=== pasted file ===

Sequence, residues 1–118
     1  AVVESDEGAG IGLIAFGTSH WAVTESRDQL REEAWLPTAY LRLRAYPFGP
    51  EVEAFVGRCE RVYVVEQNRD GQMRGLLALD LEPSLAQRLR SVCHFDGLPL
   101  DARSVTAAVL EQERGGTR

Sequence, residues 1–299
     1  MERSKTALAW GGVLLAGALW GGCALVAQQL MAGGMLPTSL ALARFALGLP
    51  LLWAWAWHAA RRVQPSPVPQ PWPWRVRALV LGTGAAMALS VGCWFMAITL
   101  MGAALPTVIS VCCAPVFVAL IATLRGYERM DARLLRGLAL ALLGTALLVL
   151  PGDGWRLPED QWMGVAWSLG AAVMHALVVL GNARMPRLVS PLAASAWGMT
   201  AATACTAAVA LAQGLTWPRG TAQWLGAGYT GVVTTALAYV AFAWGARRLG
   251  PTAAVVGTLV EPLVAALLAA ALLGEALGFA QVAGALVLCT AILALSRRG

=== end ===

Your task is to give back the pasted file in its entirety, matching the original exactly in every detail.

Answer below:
Sequence, residues 1–118
     1  AVVESDEGAG IGLIAFGTSH WAVTESRDQL REEAWLPTAY LRLRAYPFGP
    51  EVEAFVGRCE RVYVVEQNRD GQMRGLLALD LEPSLAQRLR SVCHFDGLPL
   101  DARSVTAAVL EQERGGTR

Sequence, residues 1–299
     1  MERSKTALAW GGVLLAGALW GGCALVAQQL MAGGMLPTSL ALARFALGLP
    51  LLWAWAWHAA RRVQPSPVPQ PWPWRVRALV LGTGAAMALS VGCWFMAITL
   101  MGAALPTVIS VCCAPVFVAL IATLRGYERM DARLLRGLAL ALLGTALLVL
   151  PGDGWRLPED QWMGVAWSLG AAVMHALVVL GNARMPRLVS PLAASAWGMT
   201  AATACTAAVA LAQGLTWPRG TAQWLGAGYT GVVTTALAYV AFAWGARRLG
   251  PTAAVVGTLV EPLVAALLAA ALLGEALGFA QVAGALVLCT AILALSRRG